The downside to Tommo/SNK’s approach to the shoulders is the difficulty in curling fingers to tap L1/R1 since they are stunted to make room for L2/R2.

The NGX has a soft rubber back that feels sticky and decadent.

This is a texture more hardware manufacturers ought to use.

In spite of its problems, this is one of the best handheld gaming devices ever made.

Even better than the Neo-Geo Pocket Color.

 

3) Xbox 360 Controller

 

The Xbox 360 controller is pretty. Its lines are both direct and subtle.

It has a better silhouette than the Sixaxis.

Between the travesty of the original Xbox controller and the success of the 360, Microsoft learned quick.

Borrowing design elements from the Sega Dreamcast, the 360 controller has one of the most unique faces of any modern console.

One analog stick positioned high on the left, bottom left sits a rolling D-pad, and further to the right the second analog stick.

The setup does seem obtuse at first, but the obviousness of its design begins to show when moving around three-dimensional spaces.

The controller itself has a nice heft and sticks in the hands.

By far the 360 controller is the most stable to hold.

It just fits.

Though the buttons are not exceptional.

Even the NGX has better face and shoulder buttons than the 360.

Its face buttons require quite a bit more force than the PS3 or the Wii U and stick out much higher than they need to.

The face buttons are too stiff.

This is strange to me when combined with the presence of a well-made rolling D-pad.

The rolling D-pad is part of what made the Sega Genesis controllers so wonderful, perfect for fast-paced action games.

Why combine a tool used for quick, fluid movement with slow, stiff buttons designed for something like inventory management?

The shoulder buttons are also difficult to press.

They are both small and require exceptional force at strange angles.

They feel almost as stunted and difficult as the NGX, but where SNK/Tommo made their decision based on space conservation and utility, Microsoft has no excuse.

The trigger buttons are actual triggers and have a strange arc to them that doesn’t work on a controller.

They are uncomfortable.

The 360 controller is an elegant, confused piece of hardware that is trying too hard to be too many things.

 

4) Sony PlayStation Vita

 

While the NGX is a product of subtle, layered design, the Vita is a powerhouse of interaction.

It has an enticing weight.

It is a very dense machine and that density is justified by the overwhelming amount of technology within.

An OLED touchscreen on the front, a touchpad on the back, two analog sticks, and front/rear cameras.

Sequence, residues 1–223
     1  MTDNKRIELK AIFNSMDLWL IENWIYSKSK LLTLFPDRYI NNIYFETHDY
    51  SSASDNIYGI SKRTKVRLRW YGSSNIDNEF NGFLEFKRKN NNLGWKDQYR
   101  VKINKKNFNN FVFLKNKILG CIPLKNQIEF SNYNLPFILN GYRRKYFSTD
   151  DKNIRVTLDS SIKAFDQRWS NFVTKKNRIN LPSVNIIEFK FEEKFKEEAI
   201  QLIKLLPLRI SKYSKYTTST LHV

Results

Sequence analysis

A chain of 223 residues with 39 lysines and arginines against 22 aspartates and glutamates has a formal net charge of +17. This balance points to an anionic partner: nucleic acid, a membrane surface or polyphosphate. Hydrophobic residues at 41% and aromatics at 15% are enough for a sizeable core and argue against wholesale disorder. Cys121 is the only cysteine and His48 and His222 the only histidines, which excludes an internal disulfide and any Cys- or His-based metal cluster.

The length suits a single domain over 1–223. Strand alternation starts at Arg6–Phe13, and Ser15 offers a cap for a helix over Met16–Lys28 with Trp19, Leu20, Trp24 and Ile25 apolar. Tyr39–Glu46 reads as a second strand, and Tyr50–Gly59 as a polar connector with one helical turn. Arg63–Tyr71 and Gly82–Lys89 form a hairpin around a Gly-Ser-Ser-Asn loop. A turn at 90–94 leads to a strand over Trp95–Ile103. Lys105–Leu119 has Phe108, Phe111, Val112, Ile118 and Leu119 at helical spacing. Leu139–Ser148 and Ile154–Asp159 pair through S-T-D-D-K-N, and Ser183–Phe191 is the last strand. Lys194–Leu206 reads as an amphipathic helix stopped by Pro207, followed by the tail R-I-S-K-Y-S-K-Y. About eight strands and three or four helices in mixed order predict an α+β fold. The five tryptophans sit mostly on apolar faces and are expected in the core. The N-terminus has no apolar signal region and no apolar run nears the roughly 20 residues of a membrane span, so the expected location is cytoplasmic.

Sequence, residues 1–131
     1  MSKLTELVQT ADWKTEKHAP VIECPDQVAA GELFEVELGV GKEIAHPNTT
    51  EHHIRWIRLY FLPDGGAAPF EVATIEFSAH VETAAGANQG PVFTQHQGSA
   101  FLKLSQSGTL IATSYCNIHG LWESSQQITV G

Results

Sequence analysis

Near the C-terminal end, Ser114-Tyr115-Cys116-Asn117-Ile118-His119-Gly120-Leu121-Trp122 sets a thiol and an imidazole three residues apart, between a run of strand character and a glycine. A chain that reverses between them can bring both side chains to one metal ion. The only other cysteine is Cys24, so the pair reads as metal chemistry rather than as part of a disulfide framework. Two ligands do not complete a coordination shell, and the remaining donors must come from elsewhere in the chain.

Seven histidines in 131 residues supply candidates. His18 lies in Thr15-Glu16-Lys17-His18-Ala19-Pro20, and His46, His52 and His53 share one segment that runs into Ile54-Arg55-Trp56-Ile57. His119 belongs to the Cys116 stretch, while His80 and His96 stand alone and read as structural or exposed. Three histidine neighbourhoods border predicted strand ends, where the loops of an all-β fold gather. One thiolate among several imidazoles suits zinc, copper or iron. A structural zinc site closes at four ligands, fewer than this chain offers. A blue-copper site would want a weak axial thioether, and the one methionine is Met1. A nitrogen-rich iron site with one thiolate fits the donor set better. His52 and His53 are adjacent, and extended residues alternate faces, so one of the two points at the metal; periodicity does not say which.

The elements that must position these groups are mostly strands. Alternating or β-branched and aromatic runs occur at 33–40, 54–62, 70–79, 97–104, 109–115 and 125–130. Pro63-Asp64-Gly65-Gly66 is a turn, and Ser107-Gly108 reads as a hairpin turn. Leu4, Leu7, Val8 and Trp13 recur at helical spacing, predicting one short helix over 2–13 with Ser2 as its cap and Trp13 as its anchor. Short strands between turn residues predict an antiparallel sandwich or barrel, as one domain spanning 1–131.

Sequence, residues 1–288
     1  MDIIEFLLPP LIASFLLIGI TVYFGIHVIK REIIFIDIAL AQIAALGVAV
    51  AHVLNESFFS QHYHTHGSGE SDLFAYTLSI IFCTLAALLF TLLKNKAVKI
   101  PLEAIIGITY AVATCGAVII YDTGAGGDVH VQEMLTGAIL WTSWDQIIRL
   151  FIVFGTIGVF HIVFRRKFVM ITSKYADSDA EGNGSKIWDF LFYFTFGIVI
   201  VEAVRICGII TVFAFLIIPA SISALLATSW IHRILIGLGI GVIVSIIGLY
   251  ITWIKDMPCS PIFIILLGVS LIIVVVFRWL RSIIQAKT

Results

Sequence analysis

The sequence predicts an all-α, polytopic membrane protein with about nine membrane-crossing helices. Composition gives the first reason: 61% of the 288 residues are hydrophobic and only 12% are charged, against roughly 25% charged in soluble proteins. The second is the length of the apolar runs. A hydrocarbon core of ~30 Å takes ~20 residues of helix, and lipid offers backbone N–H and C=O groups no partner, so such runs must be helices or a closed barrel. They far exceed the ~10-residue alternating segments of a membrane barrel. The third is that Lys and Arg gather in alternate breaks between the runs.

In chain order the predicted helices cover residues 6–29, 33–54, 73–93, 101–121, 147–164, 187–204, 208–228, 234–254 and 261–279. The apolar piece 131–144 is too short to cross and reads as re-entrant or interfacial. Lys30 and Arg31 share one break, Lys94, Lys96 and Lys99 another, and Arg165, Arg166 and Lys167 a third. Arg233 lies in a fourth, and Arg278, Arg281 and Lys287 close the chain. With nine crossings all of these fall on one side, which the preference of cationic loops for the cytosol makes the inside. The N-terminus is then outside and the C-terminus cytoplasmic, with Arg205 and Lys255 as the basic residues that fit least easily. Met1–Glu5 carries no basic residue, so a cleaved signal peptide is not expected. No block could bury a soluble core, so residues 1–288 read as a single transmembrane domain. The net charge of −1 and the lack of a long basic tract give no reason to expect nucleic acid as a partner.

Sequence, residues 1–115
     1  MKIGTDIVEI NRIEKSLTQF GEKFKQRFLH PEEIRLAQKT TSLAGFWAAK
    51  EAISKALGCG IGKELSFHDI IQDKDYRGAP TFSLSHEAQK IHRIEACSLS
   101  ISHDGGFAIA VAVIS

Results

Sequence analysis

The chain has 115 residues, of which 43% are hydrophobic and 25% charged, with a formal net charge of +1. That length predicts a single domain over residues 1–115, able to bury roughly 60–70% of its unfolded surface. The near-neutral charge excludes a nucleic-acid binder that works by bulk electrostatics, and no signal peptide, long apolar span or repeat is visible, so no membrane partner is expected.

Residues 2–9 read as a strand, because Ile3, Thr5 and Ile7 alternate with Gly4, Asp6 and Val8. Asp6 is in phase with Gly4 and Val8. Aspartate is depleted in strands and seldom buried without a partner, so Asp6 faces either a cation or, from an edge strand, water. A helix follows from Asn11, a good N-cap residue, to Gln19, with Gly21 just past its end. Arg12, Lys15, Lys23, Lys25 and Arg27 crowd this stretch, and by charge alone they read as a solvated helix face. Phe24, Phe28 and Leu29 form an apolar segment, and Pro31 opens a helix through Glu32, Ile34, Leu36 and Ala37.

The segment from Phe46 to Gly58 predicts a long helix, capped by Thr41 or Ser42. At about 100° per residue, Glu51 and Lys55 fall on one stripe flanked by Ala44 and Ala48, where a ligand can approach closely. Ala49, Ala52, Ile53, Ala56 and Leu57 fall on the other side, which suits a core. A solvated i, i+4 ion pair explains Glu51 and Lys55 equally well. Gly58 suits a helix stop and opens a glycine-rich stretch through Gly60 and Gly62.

The D-pad is near perfect. It feels like a flat, rolling D-pad. Each directional press has a very subdued click that is felt more than heard.

The analog sticks are short, but responsive. They have a balanced tension that sits somewhere between the 360’s tightness and the Sixaxis’ give.

I enjoy the NGX because of its combination of textures.

Its joystick is a matte, rough plastic. Its face buttons are a clear, smooth plastic. Its case is all gloss on the front. Its back is a sticky-smooth rubber.

The Vita would have benefited from more experimentation with texture.

It would have been better without any of the gloss, like the 3DS XL.

Sony already used matte plastic around the D-pad and beneath the face buttons, they should have extended it to the whole system.

It is slippery.

It is too thin to hold comfortably and manipulate all input options.

It puts enormous strain on the wrists and hands.

While making the system larger would have been questionable, it would work better with some grips built into the back of the system rather than the two large dimples it does have.

The Vita’s highlight is its face buttons.

They are tight and responsive. They don’t feel cheap.

They have two clicks each when pressed and released, felt deep in the bones.

Pressing buttons on the Vita is a joy.

The face buttons alone are enough to make someone find reasons to play with it.

It draws you in with its innate experience.

 

5) Nintendo Game Boy Advance SP

 

The Game Boy Advance SP is one of my favorite handheld consoles of all time.

A console that drips with intimacy.

When closed, the SP is appealing and understated.

It feels good to hold and to look at: A slight rectangle with rounded corners.

It has an appealing thickness as well. It doesn’t suffer from the hyper-driven thinness of most handhelds today.

On opening the console, the proportions are less appealing.

When open, the SP looks worse than the Game Boy Pocket.

It does maintain the intimacy: The screen is small and bright and the controls are simple and obvious.

On its face the SP has only two buttons, D-pad, backlight adjustment, and Start/Select.

The whole console is matte plastic, which gives it the right amount of friction.

Nintendo positioned the Start/Select buttons near the bottom, making pausing awkward.

The SP D-pad feels similar to the Vita D-pad.

There is more space between the directions on the SP, but it has a great rolling effect. Otherwise, the SP D-pad has the same tight click as the Vita’s, without feeling difficult like the Wii U gamepad.

What’s amazing about this is that the SP predates the Vita by almost a decade.

Not only is the D-pad ascendant, but the A/B face buttons are also as good as the Vita: Dense, heavy clicks that reverberate in the thumb.

The GBA SP does have two shoulder buttons as well and while they are tight and loud, they are just as awkward to press as the NGX and the 360.

This doesn’t affect the SP as much as the other two since the shoulder buttons are not utilized in critical situations.

It’s inspiring to see what Nintendo is capable of when they get things right.

The SP came out on the back of one of the worst-designed handheld systems in history: The Game Boy Advance.

Much like with the PSV, the SP is so satisfying to interact with, it makes you find reasons to play it.

In 2014 it still doesn’t feel dated.

This is a portable device that continues to hold its own, almost 10 years later.